It was also shown in our study that the prevalence of dyslipidemia and hyperuricemia was significantly higher in people with MAFLD than those without MAFLD (80.0% vs. 41.7% for dyslipidemia and 45.0% vs. 16.8% for hyperuricemia) (Fig. 4). Dyslipidemia is a well-known risk factor for NAFLD , and this can also be reflected in the sharp rise of the prevalence of MAFLD in perimenopausal and postmenopausal women in our study, which might be related to the dyslipidemia due to estrogen deficiency (Fig. 2). In binary logistic regression, uric acid was showed to be significantly associated with MAFLD. Previous cross-sectional and prospective studies have found that elevated serum uric acid could independently predict the increased risk of NAFLD, even serum uric acid levels within normal range were closely related to the presence of NAFLD independently [23–25]. Hence, combining the findings in our study with previous studies, serum uric acid might be considered as an independent risk factor of MAFLD.
The present study revealed that people with MAFLD are more likely to have elevated liver enzymes especially elevated ALT compared with those without MAFLD (42.5% vs. 11.1% for elevated ALT, P < 0.001) (Table 2), which stands for the higher proportion of abnormal liver function in people with MAFLD, consisting with the previous study that the most common cause of unexplained elevated ALT is NAFLD . Moreover, Table 4 showed that ALT was significantly associated with MAFLD and studies have showed that elevated ALT is associated with the development of NAFLD into steatohepatitis and even liver fibrosis , indicating that elevated ALT has an important clinical significance for MAFLD. Platelets are considered to be elevated during inflammation, and studies have found a linear correlation between platelet count and the severity of liver fibrosis in people with NAFLD , in our study, we also found that platelet count was significantly associated with MAFLD (Table 4), indicating that platelet count and ALT levels may be used as a reference indicator of MAFLD development and the resulting liver fibrosis.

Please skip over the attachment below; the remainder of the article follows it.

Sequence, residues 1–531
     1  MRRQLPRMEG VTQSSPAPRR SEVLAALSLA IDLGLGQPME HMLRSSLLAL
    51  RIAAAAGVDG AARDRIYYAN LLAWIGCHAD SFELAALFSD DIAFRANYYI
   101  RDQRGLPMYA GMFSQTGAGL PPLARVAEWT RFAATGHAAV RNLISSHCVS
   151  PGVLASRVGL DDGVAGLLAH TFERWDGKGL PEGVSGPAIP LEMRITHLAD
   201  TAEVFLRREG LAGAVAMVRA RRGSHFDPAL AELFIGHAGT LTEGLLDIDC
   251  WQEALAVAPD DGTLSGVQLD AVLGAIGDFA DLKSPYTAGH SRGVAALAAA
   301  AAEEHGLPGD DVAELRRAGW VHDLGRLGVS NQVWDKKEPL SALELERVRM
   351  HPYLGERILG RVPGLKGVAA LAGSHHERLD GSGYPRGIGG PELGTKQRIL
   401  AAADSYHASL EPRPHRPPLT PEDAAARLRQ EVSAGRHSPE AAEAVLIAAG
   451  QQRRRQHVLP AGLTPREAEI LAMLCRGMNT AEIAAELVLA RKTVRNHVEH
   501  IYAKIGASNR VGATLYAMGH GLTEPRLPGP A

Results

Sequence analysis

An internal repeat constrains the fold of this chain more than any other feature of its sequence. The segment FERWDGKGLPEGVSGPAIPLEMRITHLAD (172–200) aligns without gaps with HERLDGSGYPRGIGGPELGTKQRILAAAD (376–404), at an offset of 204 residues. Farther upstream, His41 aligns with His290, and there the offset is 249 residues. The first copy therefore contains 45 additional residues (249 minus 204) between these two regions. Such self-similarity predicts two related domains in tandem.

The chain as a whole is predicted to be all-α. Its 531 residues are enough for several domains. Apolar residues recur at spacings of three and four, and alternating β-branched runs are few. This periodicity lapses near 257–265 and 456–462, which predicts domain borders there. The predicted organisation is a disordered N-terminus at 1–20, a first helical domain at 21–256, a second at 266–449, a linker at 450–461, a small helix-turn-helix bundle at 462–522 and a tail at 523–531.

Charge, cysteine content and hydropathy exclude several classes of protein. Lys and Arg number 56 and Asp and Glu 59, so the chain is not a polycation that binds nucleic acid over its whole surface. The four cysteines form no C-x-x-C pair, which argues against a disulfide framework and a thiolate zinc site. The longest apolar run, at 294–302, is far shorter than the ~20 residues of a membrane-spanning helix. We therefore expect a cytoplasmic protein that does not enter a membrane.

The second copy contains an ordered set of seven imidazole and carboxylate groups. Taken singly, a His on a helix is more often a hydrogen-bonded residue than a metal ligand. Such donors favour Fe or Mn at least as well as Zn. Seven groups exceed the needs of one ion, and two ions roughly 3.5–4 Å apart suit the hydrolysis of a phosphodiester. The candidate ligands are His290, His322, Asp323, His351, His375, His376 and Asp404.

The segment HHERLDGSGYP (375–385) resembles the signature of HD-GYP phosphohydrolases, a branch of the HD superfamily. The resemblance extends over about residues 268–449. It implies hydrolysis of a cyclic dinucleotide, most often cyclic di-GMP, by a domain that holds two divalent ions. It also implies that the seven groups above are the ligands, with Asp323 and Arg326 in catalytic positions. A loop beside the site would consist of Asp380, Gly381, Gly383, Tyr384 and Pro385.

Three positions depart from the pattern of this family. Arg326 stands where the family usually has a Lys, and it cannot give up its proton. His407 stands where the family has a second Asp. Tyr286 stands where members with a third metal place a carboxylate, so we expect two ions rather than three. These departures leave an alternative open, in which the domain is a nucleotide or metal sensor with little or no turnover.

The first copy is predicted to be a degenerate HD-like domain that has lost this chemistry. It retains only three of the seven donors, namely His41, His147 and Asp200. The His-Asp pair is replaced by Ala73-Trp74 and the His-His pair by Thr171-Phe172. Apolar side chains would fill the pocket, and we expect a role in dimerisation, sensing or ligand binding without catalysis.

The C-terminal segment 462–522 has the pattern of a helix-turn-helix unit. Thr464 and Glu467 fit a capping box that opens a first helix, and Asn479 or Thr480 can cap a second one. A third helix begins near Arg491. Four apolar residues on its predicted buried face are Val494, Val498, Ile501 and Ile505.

Although the occurrence of NAFLD is closely related to obesity, non-obese people may also suffer from NAFLD, especially in the Asia-Pacific region . In our study, the proportions of abnormal metabolic features in non-obese people with MAFLD were all significantly higher than those in non-obese people without MAFLD (Table 2), suggesting that metabolic disorders also play an important role in the occurrence of MAFLD in non-obese people. Notably, the proportion of elevated total cholesterol was significantly higher in non-obese people with MAFLD than that in obese people with MAFLD, suggesting total cholesterol may play an important role in the presence of non-obese MAFLD which need to further exploration.
Our study also has certain limitations. First, this is a cross-sectional study, therefore, the natural course of MAFLD and causal relationships can’t be determined. There was a large sample size with a wide range of clinical data included in our study, making it possible to adjust for underlying confounding factors. Second, the diagnosis of MAFLD was based on ultrasonography, which might be partially insensitive to mild hepatic steatosis. However, ultrasonography has been widely used in the epidemiological investigations of fatty liver since it is safe, non-invasive, widely available, and has an acceptable sensitivity and specificity in the detection of hepatic steatosis , and it was also recommended as the first-line imaging method by the Association for the Study of the Liver (APASL) in the clinical guideline for MAFLD . Third, there might be certain selection bias because the population who participated in health examination included in our study tend to be more concerned about their health. Furthermore, some information was not available from the current data of health examinations, like medication history of participants.